Background: Utah state trauma audit filters assess expeditious care at referring emergency departments for severely injured patients to avoid delays in transfer. We evaluated two state performance measures related to pediatric trauma care before arrival at the Level I trauma center.
Methods: Analysis of the Primary Children's Medical Center (PCMC) trauma database for children with Injury Severity Scores (ISS)>15 from 2006 to 2009 was performed. Patient care was evaluated for referring hospital emergency department triage time of <2 hours and total transfer time of ≤6 hours for rural and ≤4 hours for urban place of injury.
Results: Four hundred twelve patients with ISS>15 were admitted via interhospital transfer from within Utah. Approximately 50% of patients were triaged<2 hours, which increased to almost two thirds when restricted to those initially evaluated within 100 miles (helicopter range) of PCMC. Factors associated with delayed triaged included lower ISS, less severe head injury, greater distance from the trauma center, and primary chest/abdominal injuries. Death and poor outcome did not differ significantly by triage in <2 hours or ≥2 hours. Adherence with the total transfer time goal was 94% for rural and 76% for urban place of injury.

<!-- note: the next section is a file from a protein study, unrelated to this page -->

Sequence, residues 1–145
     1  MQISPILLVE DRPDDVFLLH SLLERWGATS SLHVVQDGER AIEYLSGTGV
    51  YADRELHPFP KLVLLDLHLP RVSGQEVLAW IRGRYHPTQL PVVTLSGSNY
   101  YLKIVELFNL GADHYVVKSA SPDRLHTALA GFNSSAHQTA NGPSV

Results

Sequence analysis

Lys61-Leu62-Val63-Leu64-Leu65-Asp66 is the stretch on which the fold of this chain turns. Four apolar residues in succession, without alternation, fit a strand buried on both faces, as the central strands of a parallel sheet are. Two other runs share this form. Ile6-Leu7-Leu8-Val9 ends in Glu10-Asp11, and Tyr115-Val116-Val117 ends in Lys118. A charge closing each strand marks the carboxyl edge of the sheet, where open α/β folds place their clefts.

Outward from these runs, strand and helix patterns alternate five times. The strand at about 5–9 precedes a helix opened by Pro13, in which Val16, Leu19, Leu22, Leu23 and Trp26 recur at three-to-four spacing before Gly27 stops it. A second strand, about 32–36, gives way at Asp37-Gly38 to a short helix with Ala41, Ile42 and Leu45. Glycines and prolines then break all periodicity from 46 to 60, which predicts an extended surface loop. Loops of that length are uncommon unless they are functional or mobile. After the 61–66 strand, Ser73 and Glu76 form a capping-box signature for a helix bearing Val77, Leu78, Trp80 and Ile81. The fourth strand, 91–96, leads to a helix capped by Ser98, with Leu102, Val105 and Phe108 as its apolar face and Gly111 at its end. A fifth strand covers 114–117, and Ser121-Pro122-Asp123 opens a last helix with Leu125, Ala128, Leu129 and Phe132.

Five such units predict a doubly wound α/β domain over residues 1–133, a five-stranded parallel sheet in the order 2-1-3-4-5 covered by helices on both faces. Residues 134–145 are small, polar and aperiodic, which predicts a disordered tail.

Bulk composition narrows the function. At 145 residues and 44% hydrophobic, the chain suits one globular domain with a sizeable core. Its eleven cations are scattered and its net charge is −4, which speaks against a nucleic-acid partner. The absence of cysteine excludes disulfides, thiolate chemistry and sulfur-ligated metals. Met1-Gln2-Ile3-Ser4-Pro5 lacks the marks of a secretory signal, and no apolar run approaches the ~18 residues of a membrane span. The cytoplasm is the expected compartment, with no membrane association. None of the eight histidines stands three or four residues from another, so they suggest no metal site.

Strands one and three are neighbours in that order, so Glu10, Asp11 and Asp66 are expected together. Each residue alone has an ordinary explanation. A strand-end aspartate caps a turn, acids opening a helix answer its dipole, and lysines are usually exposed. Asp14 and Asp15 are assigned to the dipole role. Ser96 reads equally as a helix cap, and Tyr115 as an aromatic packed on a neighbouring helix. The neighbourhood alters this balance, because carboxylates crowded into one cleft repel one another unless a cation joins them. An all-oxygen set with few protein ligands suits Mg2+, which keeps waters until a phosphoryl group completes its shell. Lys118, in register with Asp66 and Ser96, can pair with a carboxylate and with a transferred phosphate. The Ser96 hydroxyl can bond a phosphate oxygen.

Conclusions: There was substantial nonadherence with trauma performance measures for triage in <2 hours among pediatric trauma patients with ISS >15. Because of low rates of poor outcome, we are unable to determine whether adherence with state triage goals lessens morbidity or mortality.